ok maybe not that last one but you get the point
LOL can you imagine?
I remember putting in a "And they did a thing." as a placeholder for a post once, and forgot to fill it in before I posted - and everything was fine, so you're right!
silentruth wrote:
LOL can you imagine?
I remember putting in a "And they did a thing." as a placeholder for a post once, and forgot to fill it in before I posted - and everything was fine, so you're right!

i literally have used that one before though. sometimes i don't feel like writing a grand description for every little thing, so one time i just went with "She shot him. He died. It was, to say the least, rather unfortunate." and that was that

but yeah i mean, memes aside, i generally operate on the basis of "will this permanently affect the course of the rp?" if the answer is "no", then you're safe to handwave it if you're stumped and feel as though it's caused the rp to grind to a halt. travel montages, small conversations, scene changes, and sometimes even combat are often skippable (tell ur partner first tho). obviously if it's a climatic moment, you should shelf it for a while and wait for the inspiration to strike, but otherwise don't sweat it.

sometimes a two sentence summary can be extremely comedic in the right circumstances, and thus be far more memorable than some random prose babble
First thing, if you've noticed you're taking longer than you usually do to respond, it's probably a good idea to send your partner(s) a quick message to let 'em know you're still working on it. Depending on the issue, additional detail in that message could be super helpful.

Now, assuming it's not a full writer's block, burnout, or perfectionism issue...

Some parts are just... really tedious and boring, and may not even have any value in the overall narrative. You could discuss doing a scene change, and possibly chat about potentially important details to include in a (optional) summary of what was skipped over (sometimes, the other person was actually hoping for a scene change, too!). You could discuss some possibilities that might spice things up, like some minor inconvenience to get through along the way or some important conversation the characters should probably have at some point anyway. You could also kinda... half-ass it together, kinda doing a goof-off scene that won't be considered how things really played out, but that can help things to still feel more fleshed-out (plus can help you feel a bit more connected as players); something like treating your characters as caricatures of themselves and doing a more simplistic childhood play-pretend thing until you get past the bit you were stuck on.

If something is actually making you uncomfortable, definitely have a chat about that.

If you're stuck because you're not sure how something should work and Google's not helping any, you can ask your partner(s) for suggestions, or for clarification, or just vaguely discuss where you're both hoping the scene will lead (which can mimic the "come back later" thing now that you know where you're aiming at for point B). Sometimes, I'll actually reach out to a partner who hasn't responded in a bit to make sure I gave them enough to work with and stuff, or if there's something they need me to add or change.

Depending on how big of a skip could be needed, you even could come back to it later. One partner and I developed a habit of doing RPs as "chapters" because of how long and involved our games got, and while we usually were always moving forward in time, there were a few times when we figured, "hey, we should take a step back to this point and flesh out what happened there." Granted, those were usually little nostalgia asides or disconnected what-ifs that sometimes weren't even intended to necessarily be canon, but it can be done.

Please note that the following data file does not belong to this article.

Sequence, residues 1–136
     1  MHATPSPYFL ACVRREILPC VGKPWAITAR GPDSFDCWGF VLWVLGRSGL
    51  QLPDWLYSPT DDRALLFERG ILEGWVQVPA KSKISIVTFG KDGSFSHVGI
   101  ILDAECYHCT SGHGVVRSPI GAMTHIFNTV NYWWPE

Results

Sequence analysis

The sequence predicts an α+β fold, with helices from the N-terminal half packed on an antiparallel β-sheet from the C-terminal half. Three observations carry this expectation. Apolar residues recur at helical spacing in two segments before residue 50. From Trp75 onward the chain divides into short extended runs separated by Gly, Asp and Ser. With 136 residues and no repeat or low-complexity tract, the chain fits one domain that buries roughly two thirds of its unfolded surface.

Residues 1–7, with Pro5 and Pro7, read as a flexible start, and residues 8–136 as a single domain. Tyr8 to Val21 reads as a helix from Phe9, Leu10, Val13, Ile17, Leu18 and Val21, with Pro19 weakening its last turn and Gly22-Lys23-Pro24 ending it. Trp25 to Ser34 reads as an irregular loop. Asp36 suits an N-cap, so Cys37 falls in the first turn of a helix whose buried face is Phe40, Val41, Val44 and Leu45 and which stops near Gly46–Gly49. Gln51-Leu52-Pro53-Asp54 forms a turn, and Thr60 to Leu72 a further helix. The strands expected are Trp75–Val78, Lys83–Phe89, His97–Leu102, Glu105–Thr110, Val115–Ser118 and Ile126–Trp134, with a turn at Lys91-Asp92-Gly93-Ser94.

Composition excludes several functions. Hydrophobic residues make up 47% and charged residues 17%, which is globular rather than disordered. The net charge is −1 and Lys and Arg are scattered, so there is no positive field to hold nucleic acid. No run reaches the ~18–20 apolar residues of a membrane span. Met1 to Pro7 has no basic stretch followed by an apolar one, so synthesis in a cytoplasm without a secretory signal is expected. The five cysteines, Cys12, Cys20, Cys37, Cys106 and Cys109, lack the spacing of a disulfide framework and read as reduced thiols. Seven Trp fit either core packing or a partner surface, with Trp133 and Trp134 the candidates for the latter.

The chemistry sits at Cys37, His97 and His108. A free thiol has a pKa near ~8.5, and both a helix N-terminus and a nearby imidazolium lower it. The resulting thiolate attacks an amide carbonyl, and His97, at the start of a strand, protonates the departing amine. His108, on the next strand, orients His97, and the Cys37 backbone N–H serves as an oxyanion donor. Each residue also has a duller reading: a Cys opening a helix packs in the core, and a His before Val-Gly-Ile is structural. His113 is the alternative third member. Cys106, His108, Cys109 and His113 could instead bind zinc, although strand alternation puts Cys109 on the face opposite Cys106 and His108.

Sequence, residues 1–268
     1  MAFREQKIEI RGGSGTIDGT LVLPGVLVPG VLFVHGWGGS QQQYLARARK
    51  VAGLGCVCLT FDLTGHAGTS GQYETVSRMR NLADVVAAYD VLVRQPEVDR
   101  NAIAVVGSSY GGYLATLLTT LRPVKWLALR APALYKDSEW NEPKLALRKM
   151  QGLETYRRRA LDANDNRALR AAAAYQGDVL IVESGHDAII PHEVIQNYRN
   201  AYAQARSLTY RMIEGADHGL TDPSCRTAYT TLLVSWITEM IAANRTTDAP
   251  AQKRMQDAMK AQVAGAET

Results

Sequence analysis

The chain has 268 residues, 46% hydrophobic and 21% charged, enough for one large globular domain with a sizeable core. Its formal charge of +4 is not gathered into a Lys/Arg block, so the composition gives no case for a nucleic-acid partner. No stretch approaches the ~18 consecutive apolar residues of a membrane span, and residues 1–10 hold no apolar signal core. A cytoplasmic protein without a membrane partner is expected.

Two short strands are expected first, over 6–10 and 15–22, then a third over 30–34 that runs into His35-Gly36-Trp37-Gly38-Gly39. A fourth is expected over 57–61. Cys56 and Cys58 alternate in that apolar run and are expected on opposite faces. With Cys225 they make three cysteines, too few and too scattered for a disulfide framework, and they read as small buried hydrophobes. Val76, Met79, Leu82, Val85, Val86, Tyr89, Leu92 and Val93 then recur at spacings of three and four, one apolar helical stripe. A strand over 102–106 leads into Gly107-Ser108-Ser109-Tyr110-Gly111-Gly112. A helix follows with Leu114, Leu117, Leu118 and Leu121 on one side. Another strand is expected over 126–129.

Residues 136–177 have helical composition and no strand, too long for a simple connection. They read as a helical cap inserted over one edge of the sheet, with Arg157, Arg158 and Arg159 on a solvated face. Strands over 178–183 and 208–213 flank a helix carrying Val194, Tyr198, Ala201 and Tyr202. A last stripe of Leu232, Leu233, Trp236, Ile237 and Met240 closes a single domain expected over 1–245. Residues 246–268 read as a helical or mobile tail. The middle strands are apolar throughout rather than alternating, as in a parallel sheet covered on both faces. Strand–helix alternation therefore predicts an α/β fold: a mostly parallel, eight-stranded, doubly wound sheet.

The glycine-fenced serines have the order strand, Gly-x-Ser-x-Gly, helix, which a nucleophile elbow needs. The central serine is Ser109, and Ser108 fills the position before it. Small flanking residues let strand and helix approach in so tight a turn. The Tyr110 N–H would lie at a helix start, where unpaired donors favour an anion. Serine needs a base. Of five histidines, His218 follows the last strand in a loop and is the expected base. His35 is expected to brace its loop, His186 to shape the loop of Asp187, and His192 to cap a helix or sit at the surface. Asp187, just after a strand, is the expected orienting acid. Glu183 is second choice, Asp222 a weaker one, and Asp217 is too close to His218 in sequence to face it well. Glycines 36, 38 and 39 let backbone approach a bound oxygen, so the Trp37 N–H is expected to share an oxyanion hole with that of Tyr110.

I feel certain I'm missing a bunch of other things, but my brain seems to done with the whole "thinking" thing for the night. ^^; Probably for the best, anyway.
silentruth Topic Starter

Zelphyr wrote:
Now, assuming it's not a full writer's block, burnout, or perfectionism issue...
What if it was a perfectionism thing?
Zelphyr wrote:
Depending on how big of a skip could be needed, you even could come back to it later. One partner and I developed a habit of doing RPs as "chapters" because of how long and involved our games got, and while we usually were always moving forward in time, there were a few times when we figured, "hey, we should take a step back to this point and flesh out what happened there." Granted, those were usually little nostalgia asides or disconnected what-ifs that sometimes weren't even intended to necessarily be canon, but it can be done.
Yeah I quite like this suggestion for when things are coming to a head, and I'm not sure how to resolve it at the time. Would certainly take the pressure off
Sometimes I just straight up tell people something along the lines of, "I have no idea how to react to that. Give a bit."

It's fine to write something bad though, or to ask questions ooc about things. Writing for roleplay is different, but it is still something you're doing for fun. It's not unreasonable to twist things a little bit or to talk things through a bit ooc before reaching a final decision.
silentruth wrote:
What if it was a perfectionism thing?

Then the answer is a lot easier to say than to accept: Stop trying to make it perfect.

It's a pretty common trap that I think most, maybe all of us fall into at lest sometimes, and for some of us it's a much bigger and more frequent issue. And went trying to get past it, it won't always be the same tactics that help. Sometimes, it really does just need a short time longer to feel acceptable (which can make it harder to let go when that's not the case). For some, it helps to remember that none of us are perfect, and it's okay to be "good enough." (What "good enough" means can vary, too, but it tends to actually be pretty minimal when everything gets weighed out.) It could be thinking about how your partner(s) is more interested in getting something that lets the game keep going than in getting epic poetry maybe someday.

When I'm comfortable enough with a partner (which improves with more OOC chatting!), there have been a few times I've even just resorted to literally, exactly as vague, something like "and some things happened so they could get to the place" or a 4th-wall-breaking, "[...] because the writer was too tired to make it go differently and wanted this post to be done already." Sure, it'll often feel weird or even wrong, but it lets things start moving again, and things have generally proceeded just fine after those little hiccups. Plus it can bring in a little levity that might help both you and your partner(s) relax a little into a potentially much more engaging experience.